LONDON: Major online retailers in the UK, including Amazon, Argos and Tesco, are planning to introduce a scheme that will pay consumers to share product recommendations with their friends.

Shopa, designed by a start-up of the same name, enables consumers to make product suggestions via a personalised weblink. They will be paid if the recipients go on to buy that product.

Marketing Week reported that more than 5,600 ecommerce companies, including most of the biggest online retailers in the UK, had signed up to the scheme.

It operates by placing a Shopa widget button next to other social buttons on retailers' product pages, with brands able to customise the displayed text. Publishers are also able to include Shopa URLs in their marketing campaigns and get cut of any sales made.

Retailers can choose their level of incentive, while consumers can withdraw their accumulated funds from their Shopa accounts at any time.

Whether such paid advocacy is capable of constructing long-term relationships with consumers is another matter. Martin Hayward, head of global digital strategy at Aimia, argued in the latest issue of Market Leader that such relationships would be difficult to build in a data driven world of short-term offers and rewards where consumers were selling their personal data to the highest bidder.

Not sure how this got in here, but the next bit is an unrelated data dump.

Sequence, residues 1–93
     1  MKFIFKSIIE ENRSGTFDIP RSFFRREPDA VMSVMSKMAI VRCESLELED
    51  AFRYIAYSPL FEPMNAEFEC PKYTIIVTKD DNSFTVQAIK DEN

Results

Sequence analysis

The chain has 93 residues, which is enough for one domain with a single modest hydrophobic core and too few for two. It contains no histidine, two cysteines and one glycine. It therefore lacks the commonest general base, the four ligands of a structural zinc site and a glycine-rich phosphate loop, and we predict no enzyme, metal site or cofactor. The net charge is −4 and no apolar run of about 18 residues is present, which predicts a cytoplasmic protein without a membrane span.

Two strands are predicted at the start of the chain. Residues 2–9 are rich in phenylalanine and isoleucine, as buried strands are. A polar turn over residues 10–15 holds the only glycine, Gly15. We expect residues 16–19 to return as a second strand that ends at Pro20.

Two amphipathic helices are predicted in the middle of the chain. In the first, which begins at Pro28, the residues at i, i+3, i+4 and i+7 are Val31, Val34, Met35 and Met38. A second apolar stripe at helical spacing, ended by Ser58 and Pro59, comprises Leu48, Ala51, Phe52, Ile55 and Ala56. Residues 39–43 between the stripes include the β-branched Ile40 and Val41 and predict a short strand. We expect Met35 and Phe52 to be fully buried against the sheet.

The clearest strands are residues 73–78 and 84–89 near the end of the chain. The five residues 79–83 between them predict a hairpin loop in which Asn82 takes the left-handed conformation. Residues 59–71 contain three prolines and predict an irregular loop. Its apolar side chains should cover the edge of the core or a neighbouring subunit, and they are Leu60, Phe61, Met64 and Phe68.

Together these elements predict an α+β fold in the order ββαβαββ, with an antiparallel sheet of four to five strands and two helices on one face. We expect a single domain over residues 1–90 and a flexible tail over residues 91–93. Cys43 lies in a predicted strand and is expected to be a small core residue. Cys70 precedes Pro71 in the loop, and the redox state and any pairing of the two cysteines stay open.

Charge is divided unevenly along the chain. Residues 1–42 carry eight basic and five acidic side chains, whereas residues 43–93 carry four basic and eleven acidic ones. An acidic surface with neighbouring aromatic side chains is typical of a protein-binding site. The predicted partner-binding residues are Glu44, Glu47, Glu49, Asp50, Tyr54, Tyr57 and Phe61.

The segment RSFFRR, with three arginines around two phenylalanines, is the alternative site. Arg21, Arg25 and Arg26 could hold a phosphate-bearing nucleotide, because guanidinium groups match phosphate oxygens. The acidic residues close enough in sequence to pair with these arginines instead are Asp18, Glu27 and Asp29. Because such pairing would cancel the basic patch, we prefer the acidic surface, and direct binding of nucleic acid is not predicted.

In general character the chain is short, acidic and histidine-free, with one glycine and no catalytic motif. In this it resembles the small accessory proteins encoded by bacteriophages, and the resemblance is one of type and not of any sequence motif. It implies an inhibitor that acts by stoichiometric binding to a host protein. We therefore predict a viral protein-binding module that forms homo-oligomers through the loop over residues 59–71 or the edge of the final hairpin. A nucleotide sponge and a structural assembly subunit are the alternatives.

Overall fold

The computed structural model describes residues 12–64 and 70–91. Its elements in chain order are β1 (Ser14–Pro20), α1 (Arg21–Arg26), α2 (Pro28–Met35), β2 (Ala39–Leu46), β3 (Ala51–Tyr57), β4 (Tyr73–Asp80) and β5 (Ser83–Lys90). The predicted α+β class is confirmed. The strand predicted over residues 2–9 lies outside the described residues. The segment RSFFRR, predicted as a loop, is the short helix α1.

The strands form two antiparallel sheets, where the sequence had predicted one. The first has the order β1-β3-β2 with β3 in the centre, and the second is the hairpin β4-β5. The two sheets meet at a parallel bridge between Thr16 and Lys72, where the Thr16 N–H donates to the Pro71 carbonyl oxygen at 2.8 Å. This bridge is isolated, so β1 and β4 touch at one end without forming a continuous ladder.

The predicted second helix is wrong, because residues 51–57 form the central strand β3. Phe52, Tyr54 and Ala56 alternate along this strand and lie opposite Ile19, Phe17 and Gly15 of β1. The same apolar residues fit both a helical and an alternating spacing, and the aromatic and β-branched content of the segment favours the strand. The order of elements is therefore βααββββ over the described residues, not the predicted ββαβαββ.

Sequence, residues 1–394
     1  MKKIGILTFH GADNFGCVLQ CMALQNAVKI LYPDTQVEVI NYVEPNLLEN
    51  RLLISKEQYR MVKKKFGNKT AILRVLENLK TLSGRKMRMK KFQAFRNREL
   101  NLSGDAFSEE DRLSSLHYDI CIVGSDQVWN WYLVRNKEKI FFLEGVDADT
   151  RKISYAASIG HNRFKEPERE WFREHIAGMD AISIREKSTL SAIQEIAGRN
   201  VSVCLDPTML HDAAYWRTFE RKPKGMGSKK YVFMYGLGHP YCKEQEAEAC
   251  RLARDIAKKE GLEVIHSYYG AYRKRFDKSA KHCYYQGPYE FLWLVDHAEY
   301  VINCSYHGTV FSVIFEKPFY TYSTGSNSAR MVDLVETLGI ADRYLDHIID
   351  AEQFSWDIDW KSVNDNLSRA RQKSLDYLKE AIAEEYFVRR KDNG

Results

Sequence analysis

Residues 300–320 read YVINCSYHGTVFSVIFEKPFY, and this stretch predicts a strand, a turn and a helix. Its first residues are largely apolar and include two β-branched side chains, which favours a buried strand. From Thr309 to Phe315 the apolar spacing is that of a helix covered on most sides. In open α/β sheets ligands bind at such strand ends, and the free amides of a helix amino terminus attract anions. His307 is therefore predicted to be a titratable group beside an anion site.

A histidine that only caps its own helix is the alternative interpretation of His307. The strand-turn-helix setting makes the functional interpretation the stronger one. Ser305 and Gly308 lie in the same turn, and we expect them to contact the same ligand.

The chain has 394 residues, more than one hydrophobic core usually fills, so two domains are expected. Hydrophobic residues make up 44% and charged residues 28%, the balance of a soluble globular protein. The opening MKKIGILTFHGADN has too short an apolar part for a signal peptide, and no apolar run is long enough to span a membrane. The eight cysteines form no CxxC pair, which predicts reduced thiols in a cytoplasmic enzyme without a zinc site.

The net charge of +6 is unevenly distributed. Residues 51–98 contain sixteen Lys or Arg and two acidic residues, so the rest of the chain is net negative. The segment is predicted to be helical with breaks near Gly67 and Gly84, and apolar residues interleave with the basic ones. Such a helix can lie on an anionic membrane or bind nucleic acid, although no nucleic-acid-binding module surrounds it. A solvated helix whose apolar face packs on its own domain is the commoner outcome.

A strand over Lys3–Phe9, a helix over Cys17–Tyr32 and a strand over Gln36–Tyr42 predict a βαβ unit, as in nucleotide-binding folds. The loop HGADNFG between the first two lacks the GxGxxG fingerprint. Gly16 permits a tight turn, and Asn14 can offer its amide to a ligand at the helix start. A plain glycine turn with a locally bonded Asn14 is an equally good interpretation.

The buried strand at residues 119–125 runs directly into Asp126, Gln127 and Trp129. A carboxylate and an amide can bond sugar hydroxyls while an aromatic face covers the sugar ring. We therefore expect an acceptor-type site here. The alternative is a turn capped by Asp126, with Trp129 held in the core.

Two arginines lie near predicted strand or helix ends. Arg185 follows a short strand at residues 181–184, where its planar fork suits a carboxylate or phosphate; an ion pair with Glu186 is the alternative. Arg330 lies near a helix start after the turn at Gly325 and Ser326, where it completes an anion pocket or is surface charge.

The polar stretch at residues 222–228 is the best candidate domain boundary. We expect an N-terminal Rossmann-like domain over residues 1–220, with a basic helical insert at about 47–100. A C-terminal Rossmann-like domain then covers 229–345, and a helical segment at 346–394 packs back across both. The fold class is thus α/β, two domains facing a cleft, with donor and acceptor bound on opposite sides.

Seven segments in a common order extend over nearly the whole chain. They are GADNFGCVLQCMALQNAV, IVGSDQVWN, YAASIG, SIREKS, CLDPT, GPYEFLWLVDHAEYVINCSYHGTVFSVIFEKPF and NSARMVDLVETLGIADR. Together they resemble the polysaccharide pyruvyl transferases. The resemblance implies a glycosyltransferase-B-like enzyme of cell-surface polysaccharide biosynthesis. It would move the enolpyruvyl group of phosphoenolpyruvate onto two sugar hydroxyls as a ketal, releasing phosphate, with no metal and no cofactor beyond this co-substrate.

But among the companies that have been trialling Shopa, fashion retailer Oasis called it a "game changer", while furniture retailer Feather & Black said the approach was "the future of retail".

A cautionary note came from Stuart Evans, UK general manager of loyalty marketing agency ICLP, who warned that consumers could try to monetise the opportunity.

He added: "The danger is denting the trust of the referral and also, for a brand, exposing how much you're willing to discount, which could mean [online retail] becomes a tactical, price-driven, competitive environment that drives down everyone's margins."

Rather than offering cash he suggested that Shopa technology could be placed within existing loyalty programmes and affiliate sites with points earned for each referral.

Data sourced from Marketing Week; additional content by Warc staff